All posts tagged: Filters

31 Days of Black & White

I spent the month of January shooting photos only in black and white. Not just the ones I posted on Instagram, but everything in my camera roll got converted and saved in black and white. When I scroll through my timeline in the future, this block of 60 or so shots is going to stand out. I got the idea from @espresso on Twitter who shot monochrome photos for the entire year of 2015. That’s dedication. It only came to my attention in December when he started mentioning how much he looked forward to color again in the new year. You can see his Storehouse collection of photos here. It was absolutely worth it. You can always learn a lot in any creative endeavor by putting restrictions in place; I think because it’s too easy to try to grow in many ways at once, especially when taking photos, you can go from landscapes to close ups to street scenes in a single day, and play with a dozen photo processes and apps at a time. …

Really Nice Images (RNI) Photo App for iOS

      I came across this app a couple of weeks ago but can’t remember how, and since then it’s struck me as somewhat criminal that more people aren’t talking about it. So this is just a quick post to help you, my reader, discover a new app that brings realistic analog film simulation to your iPhone photos. Sure, we already have VSCO, Rebelsauce, Faded, Afterlight, Litely, Priime… but there’s always room for one more if it does the job really well; the job being accurate reproduction of film characteristics. Then it’s a much shorter list. Mattebox (when it was for sale and updated) did a marvellous job of handling exposure adjustments in a very film-like way, VSCO Film in their desktop products are designed to emulate certain classic stocks, and a couple others like PicTapGo come from companies that also produce pro-grade Lightroom presets for a day job. RNI Films falls into this general category easily. Their Lightroom presets are based on close study of classic films, they use real film grain scans and …

Darkroom Photo App Shows Why UX Details Are Everything

A new photo editor for iOS launched today, and it’s called Darkroom (free, with a $2.99 in-app purchase to unlock Curves). “Another photo editing app? What does this one bring to the table?” I’ve seen a few early reviews of Darkroom begin along those lines. It seems a sense of fatigue has set in amongst people watching this space, and it interests me to find that I don’t feel the same way. I’ve dived into every new release with optimism, because there are still so many ways to improve upon what we can currently do on our mobile devices. The Verge mentions Darkroom in the same breath as VSCO Cam, suggesting that the latter has a new challenger. That’s somewhat wrong-headed; they aren’t anymore alike than, say, how Super Mario Bros. and The Legend of Zelda are as ways of passing time. Both apps allow you to tune the look of a photo, and apply presets, but it’s how they’ve been engineered to do it that counts. Darkroom’s most exciting development, if you listen to what people are saying, is that …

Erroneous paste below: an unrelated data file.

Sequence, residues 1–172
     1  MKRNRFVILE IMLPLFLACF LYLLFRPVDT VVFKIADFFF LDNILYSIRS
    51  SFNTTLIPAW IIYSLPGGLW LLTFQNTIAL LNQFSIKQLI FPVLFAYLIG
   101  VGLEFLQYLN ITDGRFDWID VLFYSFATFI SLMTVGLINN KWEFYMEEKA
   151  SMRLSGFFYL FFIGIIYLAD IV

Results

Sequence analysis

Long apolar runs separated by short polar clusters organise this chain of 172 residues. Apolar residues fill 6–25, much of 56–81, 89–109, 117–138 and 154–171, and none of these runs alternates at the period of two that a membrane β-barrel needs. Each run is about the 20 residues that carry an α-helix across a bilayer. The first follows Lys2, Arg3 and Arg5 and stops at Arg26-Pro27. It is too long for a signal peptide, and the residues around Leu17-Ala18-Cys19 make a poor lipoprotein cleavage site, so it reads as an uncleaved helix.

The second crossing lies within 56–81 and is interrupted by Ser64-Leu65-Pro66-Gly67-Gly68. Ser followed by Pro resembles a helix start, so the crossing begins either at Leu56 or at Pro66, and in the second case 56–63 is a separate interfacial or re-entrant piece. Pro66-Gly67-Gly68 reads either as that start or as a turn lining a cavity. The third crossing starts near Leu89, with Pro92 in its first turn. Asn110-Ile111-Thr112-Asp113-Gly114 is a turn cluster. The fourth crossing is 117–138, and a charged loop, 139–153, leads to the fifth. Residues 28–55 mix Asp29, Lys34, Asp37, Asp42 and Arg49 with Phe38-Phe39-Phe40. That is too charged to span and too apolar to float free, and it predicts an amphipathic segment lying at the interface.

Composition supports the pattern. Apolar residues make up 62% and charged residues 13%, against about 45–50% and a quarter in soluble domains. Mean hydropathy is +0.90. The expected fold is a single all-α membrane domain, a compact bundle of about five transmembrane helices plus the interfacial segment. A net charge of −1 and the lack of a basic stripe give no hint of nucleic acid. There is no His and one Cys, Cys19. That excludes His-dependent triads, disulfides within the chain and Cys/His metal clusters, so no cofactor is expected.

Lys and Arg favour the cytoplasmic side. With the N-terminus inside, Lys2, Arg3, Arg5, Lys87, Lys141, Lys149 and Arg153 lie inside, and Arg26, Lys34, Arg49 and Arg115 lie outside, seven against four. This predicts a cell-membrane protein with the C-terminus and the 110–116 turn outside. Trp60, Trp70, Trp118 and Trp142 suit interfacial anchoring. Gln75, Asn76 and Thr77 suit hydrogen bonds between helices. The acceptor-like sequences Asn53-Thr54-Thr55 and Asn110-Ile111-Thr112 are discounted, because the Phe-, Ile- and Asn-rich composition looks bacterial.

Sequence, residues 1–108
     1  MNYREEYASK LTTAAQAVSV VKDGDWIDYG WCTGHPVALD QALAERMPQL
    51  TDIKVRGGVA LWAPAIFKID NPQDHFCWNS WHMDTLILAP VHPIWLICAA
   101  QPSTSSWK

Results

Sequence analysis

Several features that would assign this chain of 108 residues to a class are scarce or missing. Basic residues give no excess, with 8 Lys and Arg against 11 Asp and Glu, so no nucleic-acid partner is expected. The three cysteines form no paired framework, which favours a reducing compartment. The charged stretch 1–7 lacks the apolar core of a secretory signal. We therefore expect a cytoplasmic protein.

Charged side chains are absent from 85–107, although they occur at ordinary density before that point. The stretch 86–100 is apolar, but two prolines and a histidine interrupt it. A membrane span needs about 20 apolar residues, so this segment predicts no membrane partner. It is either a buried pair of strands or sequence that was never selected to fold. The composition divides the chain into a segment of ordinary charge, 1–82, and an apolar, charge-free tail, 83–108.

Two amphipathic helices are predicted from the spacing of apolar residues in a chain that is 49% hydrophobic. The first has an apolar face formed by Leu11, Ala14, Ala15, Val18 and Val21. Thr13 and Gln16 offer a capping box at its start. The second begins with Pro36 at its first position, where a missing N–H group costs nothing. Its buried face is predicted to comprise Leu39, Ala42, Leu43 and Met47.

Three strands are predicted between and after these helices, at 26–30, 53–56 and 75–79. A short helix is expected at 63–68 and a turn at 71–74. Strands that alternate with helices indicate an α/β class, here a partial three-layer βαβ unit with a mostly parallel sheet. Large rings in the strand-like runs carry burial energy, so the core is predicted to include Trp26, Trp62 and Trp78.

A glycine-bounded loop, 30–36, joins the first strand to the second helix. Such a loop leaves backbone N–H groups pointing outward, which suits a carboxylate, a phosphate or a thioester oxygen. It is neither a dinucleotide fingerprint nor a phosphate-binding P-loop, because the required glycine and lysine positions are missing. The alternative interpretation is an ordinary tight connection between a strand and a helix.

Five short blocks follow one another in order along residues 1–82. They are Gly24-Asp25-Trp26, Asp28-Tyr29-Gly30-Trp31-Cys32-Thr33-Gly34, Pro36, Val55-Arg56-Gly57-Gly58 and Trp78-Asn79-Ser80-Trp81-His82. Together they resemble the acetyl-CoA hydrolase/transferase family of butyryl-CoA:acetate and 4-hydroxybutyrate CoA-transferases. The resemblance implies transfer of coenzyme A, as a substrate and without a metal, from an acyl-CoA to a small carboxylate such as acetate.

Using VSCO Film with Compact Cameras

Many of us have a soft spot for the look of film photos, whether because of nostalgic associations; or a preference for the grain, faded tones, and color shifts that render the familiar world just a little more interesting. The effort to simulate this in digital photos has lately become conflated with “vintage” effects, where age and strong aberrations are introduced. Those are okay for throwaway shots and fun Instagrammable occasions, but not when a moment deserves quality with a little added character. As a frequent user of the Visual Supply Co.’s VSCO CAM iPhone app, I knew their VSCO Film preset for professionals using Adobe Lightroom and Apple Aperture were going to be capable of producing subtle film-like looks, and save a lot of time in post-processing to achieve the kind of results I usually want. But there’s a big difference between a US$0.99 app and buying two sets of presets (a handful of finely-tuned settings and slider positions) costing US$79 each. It’s a no-brainer for the working photographer who shoots weddings and events; VSCO …

Essential iPhone Camera and Photo Apps

I sometimes get asked to suggest camera apps to new iPhone users, and often fall into the trap of recommending ones I’m in love with at the time, but aren’t necessarily good for everyone or indispensable. I’ve bought and put every major release through their paces over the last four years, and although some start off impressively, they turn out not to be suitable for everyday use and soon find themselves forgotten in a folder, never to be used again. One common reason for this is the production of looks that are too distinctive or recognizable. Imagine a library of photos taken over a year, all with the same fake light leak in the top-left corner. Pretty unacceptable. Some all-in-one jobs let you “fix” photos with a few presets, but if your problem falls somewhere in between, the inability to fine-tune can be a deal-breaker. So here are my more considered picks for the best camera and editing applications on the iPhone. Over time, I cleared out my entire screen of folders filled with photo apps, and …